I did feel that the play generally improved as the season progressed, presumably due to the teams learning how to work together - opening day was just a few days after the players landed in Israel and met each other for the first time. You could really see the first few weeks as a sort of spring training.

Netanya in particular had a late surge in the last two weeks of the season, when they suddenly got their act together and played competitively. It was too late to make a difference, though.

The organization. When you think of all the logistics that went into this season, it's amazing it happened at all. Founder Larry Baras described it well:

175 brand new employees from 7 different countries. 6,000 miles away in a markedly foreign culture. Having to provide 120 beds, 21,600 meals, 3,510 bags of ice, 410 bus rides. An exchange rate of a varying 4.35 shekels to dollars. 125 sets of flight arrangements to and from 87 different cities. 7,200 balls, 340 bats, 75 resin bags.... Season One of the IBL has been mostly a start-up behemoth, one that required all of our collective strengths to effect a sustaining liftoff.

Even the television broadcasts on Sport 5, which ran weekly for over a month, were professionally executed with intelligent, insightful commentary for a Hebrew-speaking audience.

Yet some of the screwups were just silly. I can understand that Tel Aviv's Sportek field was not ready yet on opening day. But how is it that no one seemed to discover this until game day arrived?

Why did it take so long to get the teams to actually visit the cities they supposedly represented?

Why was there so little effort to reach out beyond the natural audience of North Americans?

The ballparks. Did I mention Gezer field?

To be fair, quirky, unique ballparks is a feature of baseball, one which distinguishes it from other major sports. But Gezer's field barely meets the rulebook's minimum requirements, with a very short right field fence and a sharp slope in the far outfield. (Actually, with the lighting pole in right field, it doesn't even meet the minimum.) Meanwhile, Yarkon field is up to semiprofessional standards, with proper bleachers all around. I do appreciate the variety of experiences offered by the three parks, but a bit more work is still needed.

The announcers. Most of the announcers made an effort to announce the game in both English and Hebrew, with varying degrees of success. There was some inconsistency on terminology: Is an out "pasul" or "psilah"? (I prefer "psilah", but most announcers didn't.) Is an inning a "sivuv", "sevev" or "maarchon", or just an "inning"? At least agree on the glossary, folks. Some announcers announced the outcome of each play; others didn't. One actually summarized the game rules in Hebrew between innings - Kol Hakavod! Overall, the announcers were good, but they could have been better.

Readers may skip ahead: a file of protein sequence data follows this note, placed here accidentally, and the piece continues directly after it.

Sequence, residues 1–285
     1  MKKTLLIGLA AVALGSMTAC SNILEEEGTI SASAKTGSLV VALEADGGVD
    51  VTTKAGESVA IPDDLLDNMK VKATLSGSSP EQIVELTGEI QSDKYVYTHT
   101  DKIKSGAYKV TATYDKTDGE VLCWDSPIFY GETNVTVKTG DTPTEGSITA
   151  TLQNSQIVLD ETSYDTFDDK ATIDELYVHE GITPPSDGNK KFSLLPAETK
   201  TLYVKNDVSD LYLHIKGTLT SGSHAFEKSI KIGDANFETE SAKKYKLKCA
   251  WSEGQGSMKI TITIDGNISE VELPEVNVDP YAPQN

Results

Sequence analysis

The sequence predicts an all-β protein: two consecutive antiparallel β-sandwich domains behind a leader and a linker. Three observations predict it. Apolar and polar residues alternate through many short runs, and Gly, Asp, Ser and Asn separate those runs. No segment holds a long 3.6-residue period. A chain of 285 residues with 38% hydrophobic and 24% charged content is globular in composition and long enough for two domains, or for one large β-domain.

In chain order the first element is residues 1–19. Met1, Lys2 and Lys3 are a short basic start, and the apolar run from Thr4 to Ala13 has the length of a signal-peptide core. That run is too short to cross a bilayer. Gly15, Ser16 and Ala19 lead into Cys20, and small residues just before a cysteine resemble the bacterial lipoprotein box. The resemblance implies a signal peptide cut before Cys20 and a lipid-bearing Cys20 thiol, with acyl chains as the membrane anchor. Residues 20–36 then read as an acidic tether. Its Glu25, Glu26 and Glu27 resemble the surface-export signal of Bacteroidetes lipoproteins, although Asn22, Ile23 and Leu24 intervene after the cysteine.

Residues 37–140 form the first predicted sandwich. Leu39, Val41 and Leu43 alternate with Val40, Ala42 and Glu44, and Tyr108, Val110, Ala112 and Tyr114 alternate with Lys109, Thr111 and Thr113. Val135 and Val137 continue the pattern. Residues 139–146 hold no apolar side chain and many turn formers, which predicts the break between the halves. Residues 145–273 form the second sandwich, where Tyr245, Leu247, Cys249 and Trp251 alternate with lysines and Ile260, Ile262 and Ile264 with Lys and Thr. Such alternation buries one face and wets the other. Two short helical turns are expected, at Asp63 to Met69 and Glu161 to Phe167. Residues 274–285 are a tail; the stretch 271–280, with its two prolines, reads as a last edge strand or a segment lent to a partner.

The upshot. It's easy to find fault with a new league in an unfamiliar environment for baseball. But when it comes down to it, I had a ball! I attended far more games than I imagined I would, and enjoyed just about every minute of it. I'm willing to view the problems as challenges, not failures, and look forward to an even better job next season.

Most importantly, I'm hoping the league goes from strength to strength, because I may have become addicted. (Hence this blog to get me through the off-season!)

Finally, some season post-mortems from the media:

And finally finally, (since ultimately I want to talk about stats), journalist Elli Wohlgelernter digs up the dirt behind the scenes of the IBL's first season:

Welcome to bIBLemetrics!

With the inaugural season of the Israel Baseball League behind us, I've just launched bIBLemetrics, a blog for Israel Baseball League statistical analysis.

I was a big baseball fan as a kid, but lost interest when I finished high school nearly 20 years ago. This year, partly thanks to the IBL, I'm back with a vengeance. And I'm returning to one of my childhood dreams: to be the next Bill James. Instead of going up against the experienced statheads of Baseball Prospectus, though, I can start with the field to myself, right here with the IBL.

If a statistical analyst of the MLB is a sabermetrician, it seems appropriate that the IBL should have iblemetricians. So that's what you can call me.

I've already downloaded the IBL's box scores and game logs (see the Scoreboards section of their website), and I'm working on the software to extract the data from them. Some of the questions I hope to address once I'm set up:

  • Park effects: Does Gezer Field inflate offense? If so, by how much? Do park effects change our assessment of who were the league's top players?
  • In general, did the most valuable player awards go to the right players?
  • What is the advantage to batting second (if there is one)? With two teams sharing each home field, we can compare games with the same venue but different "home" and "away" sides.
  • By how much does Beit Shemesh (or any other team) increase a game's attendance?
  • Any other questions on your mind that can be approached with baseball statistics?